We all know that high morale and job satisfaction drive excellent employee performance. What is more of a mystery is how to create a company culture that promotes the levels of morale and satisfaction that lead to high performance.

The answer turns out to be simpler than you might think. If you follow these five tips, you should see improvements in morale, job satisfaction, and — by extent — employee performance:

1. Be Transparent About Your Company’s Vision

To be engaged and satisfied at work, employees need to feel like they are part of something bigger than themselves. They want to know their daily efforts contribute to an important goal or strategy. If employees’ work is not contextualized with respect to the company mission, they will have little to no understanding of how their work impacts the organization or their coworkers. As a result, employees will feel disconnected and superfluous.

Your employees should fully understand their positions within the company. As early as the initial interview, you should be sharing your company’s vision and explaining to candidates how their efforts will push the organization forward. This ensures that any new hires will be walking into the company already feeling connected to the mission. Of course, your work doesn’t stop there: You need to be continuously transparent about the company’s direction and operations. Employees should be kept up to date on all the company goings-on. Otherwise, their connection to the organization may diminish over time.

If employees understand and are invested in the company’s vision, they will be much more motivated to perform. They will also be far happier knowing they are part of a well-functioning team working together to reach a common aim.

2. Celebrate Birthdays, Weddings, Babies, and Other Big Events

Don’t let your employees feel anonymous in their own workplace. Take time to acknowledge and celebrate personal milestones and important events. If money is an issue, celebrations don’t need to come at a high cost. In fact, a simple workplace announcement could be enough to lift your employees’ spirits. Get involved in your employees’ lives. Show them they have a caring network of people to rely on at work.

As Incorporate Massage founder and CEO Amelia Wilcox told Forbes, “When people are loved, they will give more than you can imagine they could for you and your cause.”

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3. When You Can Be Flexible, Be Flexible

Studies show that flexibility — whether it’s flexible hours or remote work arrangements — can improve employees’ moods, give morale a boost, and ultimately drive productivity.

There are many different forms of flexible work, so you need to find the one that works best for your organization and its employees. It can be difficult to shake up the status quo, and organizational change is never easy. But being bold enough to take a chance can seriously pay off down the line — and companies that remain stuck in the past are unlikely to flourish in the future. If you can’t give them what they want, your high-performing employees will jump ship to another organization that is more accommodating and trusting.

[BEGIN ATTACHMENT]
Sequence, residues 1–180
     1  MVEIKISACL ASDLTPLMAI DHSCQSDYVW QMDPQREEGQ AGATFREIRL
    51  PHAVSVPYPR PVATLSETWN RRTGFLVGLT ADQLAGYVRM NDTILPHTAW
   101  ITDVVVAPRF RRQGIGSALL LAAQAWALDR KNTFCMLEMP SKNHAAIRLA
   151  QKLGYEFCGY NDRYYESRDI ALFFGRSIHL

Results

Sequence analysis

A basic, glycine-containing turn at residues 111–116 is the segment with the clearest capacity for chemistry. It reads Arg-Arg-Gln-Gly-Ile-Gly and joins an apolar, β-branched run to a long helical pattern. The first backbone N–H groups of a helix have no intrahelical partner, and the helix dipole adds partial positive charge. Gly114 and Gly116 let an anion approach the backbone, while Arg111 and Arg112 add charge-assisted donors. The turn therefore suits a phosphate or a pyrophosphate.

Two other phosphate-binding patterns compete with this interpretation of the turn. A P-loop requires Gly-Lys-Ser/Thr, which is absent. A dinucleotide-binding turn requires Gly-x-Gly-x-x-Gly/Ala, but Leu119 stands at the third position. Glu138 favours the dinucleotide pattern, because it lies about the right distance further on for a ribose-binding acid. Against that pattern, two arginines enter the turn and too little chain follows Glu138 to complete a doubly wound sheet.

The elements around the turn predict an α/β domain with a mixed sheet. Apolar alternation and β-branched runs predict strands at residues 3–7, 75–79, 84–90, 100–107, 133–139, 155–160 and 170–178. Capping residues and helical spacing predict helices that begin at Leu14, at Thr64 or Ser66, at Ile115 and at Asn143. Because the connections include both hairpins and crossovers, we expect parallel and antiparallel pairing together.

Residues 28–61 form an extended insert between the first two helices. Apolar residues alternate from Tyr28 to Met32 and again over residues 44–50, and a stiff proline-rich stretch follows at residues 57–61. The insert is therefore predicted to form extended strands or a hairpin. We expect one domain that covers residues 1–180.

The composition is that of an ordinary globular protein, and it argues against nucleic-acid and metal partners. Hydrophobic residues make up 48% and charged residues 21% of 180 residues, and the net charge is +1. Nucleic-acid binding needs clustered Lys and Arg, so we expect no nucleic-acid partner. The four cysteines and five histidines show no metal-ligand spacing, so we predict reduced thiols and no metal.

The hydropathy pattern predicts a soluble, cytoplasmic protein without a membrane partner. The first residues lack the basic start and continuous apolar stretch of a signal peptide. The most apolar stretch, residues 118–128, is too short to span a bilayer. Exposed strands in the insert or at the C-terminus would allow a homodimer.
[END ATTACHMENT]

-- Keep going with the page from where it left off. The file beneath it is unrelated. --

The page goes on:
4. Recognize and Reward Effort, Not Simply Accomplishment

One of the leading causes of low morale is a lack of recognition and reward. If your business has already incorporated employee recognition into its performance management system, that’s great — but remember that employees need recognition for their efforts in addition to their accomplishments.

In other words, don’t hog all the recognition and rewards for quotas met and targets hit. If an employee is trying particularly hard to achieve a certain goal or learn a specific skill, highlight their efforts and give them some encouragement.

Studies show that a growth mindset — which focuses on the effort to reach a desired outcome rather than on the outcome in isolation — results in more motivated, productive people. Encourage a growth mindset in your employees by recognizing and rewarding their efforts.

5. Cultivate Meaningful Relationships 

Human beings are social creatures, so of course we want to build relationships with the people in our offices. After all, we spend at least 40 hours a week with our coworkers and managers!

Strong relationships with managers can be particularly influential in terms of employee engagement and morale. To capitalize on this fact, managers should make time for regular  catch-ups with their employees. Not only are these powerful relationship-building opportunities, but they are also chances to discuss performance, exchange feedback, and deliver much-needed recognition.

One of the most notable performance management trends in 2019 so far has been the increasing adoption of regular coaching conversations, in which managers and employees reflect together on the employee’s performance and decide how to progress in the future. Such honest and authentic dialogue encourages trust and appreciation, which together serve as a great foundation for meaningful workplace relationships.

Stuart Hearn is CEO and founder of Clear Review.

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